Blogging a building (15)

Artists for Gloucestershire Archives

This week we’ve been celebrating the national #ExploreArchives campaign, so it seemed appropriate to demonstrate just how many ways there are of exploring the collections.

If you have visited the Archives’ garden lately you will have noticed that there is a very large oak tree trunk lying on the ground. This is the raw material for our new vertical sculpture to be carved by Cheltenham based sculptor Natasha Houseago. The tree trunk is two and a half metres long and has a diameter of about half a metre. Or if you still hanker for the olden days, 15 feet long and about 20 inches across.

Tree

Natasha is one of five artists, funded by Arts Council England and working with Gloucestershire Archives to produce original artwork for the new public spaces. Once the builders are off site Natasha will move in and carve her sculpture. She will be on site for about 12 weeks in the summer and during that time visitors to the Heritage Hub will be able to watch her carve and talk to her about the emerging sculpture and her process.

Our other artists – Julia O’Connell, textile artist, Lynda Knott and Angela Williams, mosaic artists (TomatoJack Arts) and Imogen Harvey-Lewis, illustrator, have been busy gathering information for their new pieces of work all of  which will be inspired by Gloucestershire, its people, heritage and geography. They have visited care homes in Gloucestershire and South Gloucestershire and talked to our partners including the Friends of Gloucestershire Archives, Gloucestershire Family History Society, Gloucestershire Constabulary and Gloucestershire Local History Association members.

The artists have also visited Gloucestershire Archives taking time to talk to staff and look at some of the wonderful documents, maps and photographs deposited here.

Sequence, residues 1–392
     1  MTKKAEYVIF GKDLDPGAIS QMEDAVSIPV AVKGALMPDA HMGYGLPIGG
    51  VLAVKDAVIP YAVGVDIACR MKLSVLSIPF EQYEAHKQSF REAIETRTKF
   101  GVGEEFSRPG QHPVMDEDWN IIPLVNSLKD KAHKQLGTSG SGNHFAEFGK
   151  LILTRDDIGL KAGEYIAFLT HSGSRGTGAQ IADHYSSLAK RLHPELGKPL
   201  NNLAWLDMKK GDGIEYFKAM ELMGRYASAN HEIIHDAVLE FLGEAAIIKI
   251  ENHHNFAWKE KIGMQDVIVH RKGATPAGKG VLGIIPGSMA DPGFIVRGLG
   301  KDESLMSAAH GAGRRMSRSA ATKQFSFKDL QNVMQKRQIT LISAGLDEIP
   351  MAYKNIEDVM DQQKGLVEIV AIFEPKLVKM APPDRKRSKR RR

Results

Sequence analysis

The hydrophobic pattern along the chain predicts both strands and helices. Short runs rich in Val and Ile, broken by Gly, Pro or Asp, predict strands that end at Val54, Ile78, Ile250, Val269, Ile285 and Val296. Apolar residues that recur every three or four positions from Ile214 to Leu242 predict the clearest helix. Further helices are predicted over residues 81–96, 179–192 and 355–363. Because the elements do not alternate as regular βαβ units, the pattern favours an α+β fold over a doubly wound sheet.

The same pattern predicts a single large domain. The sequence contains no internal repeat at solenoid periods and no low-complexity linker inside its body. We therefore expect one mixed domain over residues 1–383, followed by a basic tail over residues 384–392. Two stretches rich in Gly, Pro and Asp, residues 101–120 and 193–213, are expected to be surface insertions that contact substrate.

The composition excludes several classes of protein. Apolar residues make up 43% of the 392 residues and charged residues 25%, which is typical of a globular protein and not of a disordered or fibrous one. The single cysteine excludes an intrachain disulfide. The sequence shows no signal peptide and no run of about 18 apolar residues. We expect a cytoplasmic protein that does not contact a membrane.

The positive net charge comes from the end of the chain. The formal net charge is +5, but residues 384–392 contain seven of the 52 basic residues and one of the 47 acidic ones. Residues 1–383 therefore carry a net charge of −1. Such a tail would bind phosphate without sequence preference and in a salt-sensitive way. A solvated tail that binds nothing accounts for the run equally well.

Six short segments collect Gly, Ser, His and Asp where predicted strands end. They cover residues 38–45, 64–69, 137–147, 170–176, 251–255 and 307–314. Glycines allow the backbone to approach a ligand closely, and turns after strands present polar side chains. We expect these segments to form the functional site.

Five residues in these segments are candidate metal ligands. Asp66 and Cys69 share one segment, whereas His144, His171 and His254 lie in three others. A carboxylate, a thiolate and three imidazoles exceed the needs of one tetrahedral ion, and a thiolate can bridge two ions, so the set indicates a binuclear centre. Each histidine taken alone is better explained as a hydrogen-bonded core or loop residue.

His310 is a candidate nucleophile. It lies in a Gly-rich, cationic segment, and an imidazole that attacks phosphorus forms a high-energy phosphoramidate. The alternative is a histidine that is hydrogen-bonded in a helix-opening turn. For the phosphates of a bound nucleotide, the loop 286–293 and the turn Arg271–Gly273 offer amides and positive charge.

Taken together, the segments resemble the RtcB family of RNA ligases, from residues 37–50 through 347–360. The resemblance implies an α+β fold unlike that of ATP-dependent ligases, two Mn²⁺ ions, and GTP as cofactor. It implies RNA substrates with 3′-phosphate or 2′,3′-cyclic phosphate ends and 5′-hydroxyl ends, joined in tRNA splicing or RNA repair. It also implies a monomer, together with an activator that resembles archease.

Peg

Natasha showing a visitor to a day centre in Cheltenham how to whack a peg into a memory sculpture

Maquettes

Examples of maquettes Natasha brought with her (a maquette is a small scale model of an unfinished sculpture

Chipping Campden

Julia O’Connell, our textile artist, looking at the beautiful embroidery and lace made by a resident in a care home she visited in Chipping Campden

 

 

TomatoJack – mosaic artists Lynda Knott and Angela Williams, worked with residents to produce a beautiful wall plaque.

Berkeley3

Precious photos and memories kept in a lovely old tin

 

Imogen Harvey-Lewis, our illustrator presenting her ideas to the Friends of Gloucestershire Archives.

The artists have had a wonderful time hearing stories, collecting memories, looking at photographs and seeing some of the amazing documents, maps and archived material kept at Gloucestershire Archives. Next year as the artists create their artwork visitors will be able to help with making some of the artwork during drop in sessions here at the nearly refurbished Heritage Hub building.

Kim Kenny – For the Record Project Officer

3 thoughts on “Blogging a building (15)

  1. Thankyou for yet another really interesting blog. I shall look forward to seeing the art work when it is finished. Averil Kear

    Sent from my iPad

    >

    Like

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